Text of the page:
Last Updated: March 22, 2017 at 10:24 pm
A bill designed to get rid of the diversity visa program and bring in more skilled workers to the US has failed to pass the U.S. House of Representatives. The bill would have granted up to 55 000 immigrant visas to foreign nationals with degrees in math, science, engineering, and technology. The bill needed two thirds majority at the U.S. House of Representatives to pass. Introduced by House Judiciary Committee Chairman Lamar Smith, the bill, according to supporters, would have boosted the economy. According to Smith and others, Democrats blocked the measure due to their views about immigration.
In addition to bringing skilled workers into the US, the bill would have gotten rid of the diversity visa program. That program offers green cards to nationals from countries that are underrepresented in US immigration. Those interested in taking part apply for the program and a random draw determines which participants get green cards.
Both Democrats and Republicans agree that skilled workers are needed in the US in order to make the economy competitive. Some industries in the US also are facing labor shortages of skilled workers, so both Republicans and Democrats generally agree that skilled foreign nationals are needed to fill this employment need. In addition, both sides agree that foreign nationals who study in the US are better suited remaining in the US and contributing skills to the US economy, rather than returning to their home countries with US-earned job skills. However, Democrats have not supported the idea of getting rid of the diversity lottery program.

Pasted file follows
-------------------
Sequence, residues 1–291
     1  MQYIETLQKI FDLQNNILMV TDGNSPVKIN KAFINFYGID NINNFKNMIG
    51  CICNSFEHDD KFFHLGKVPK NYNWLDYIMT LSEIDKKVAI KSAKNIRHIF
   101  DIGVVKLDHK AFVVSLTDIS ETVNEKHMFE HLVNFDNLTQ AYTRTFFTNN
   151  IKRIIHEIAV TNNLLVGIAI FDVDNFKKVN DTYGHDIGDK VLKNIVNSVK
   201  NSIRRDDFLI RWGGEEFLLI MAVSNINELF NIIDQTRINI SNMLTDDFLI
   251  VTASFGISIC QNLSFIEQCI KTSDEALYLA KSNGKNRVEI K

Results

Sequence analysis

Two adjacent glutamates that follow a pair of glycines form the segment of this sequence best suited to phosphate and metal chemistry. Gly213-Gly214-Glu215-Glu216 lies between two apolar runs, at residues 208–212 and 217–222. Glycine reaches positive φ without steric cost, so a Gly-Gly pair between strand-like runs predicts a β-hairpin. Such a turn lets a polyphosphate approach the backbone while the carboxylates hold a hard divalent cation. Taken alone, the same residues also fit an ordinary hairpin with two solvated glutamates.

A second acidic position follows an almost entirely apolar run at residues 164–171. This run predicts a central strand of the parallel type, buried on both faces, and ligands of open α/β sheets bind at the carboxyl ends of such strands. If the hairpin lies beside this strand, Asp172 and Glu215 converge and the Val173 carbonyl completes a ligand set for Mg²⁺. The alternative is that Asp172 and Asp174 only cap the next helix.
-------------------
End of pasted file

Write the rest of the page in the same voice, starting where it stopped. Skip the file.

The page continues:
Democrat Rep. Zoe Lofgren has introduced a bill which would offer 50 000 green cards to science graduated but would not eliminate the diversity visa program. Lofgren does not support Smith’s bill, since he believes that getting rid of the diversity visa program would only reduce immigration levels.
This month, 150 college chancellors and presidents signed a letter written to Congress and President Barack Obama. In that letter, college leaders stated that not providing visas for skilled graduates is hurting the US economy.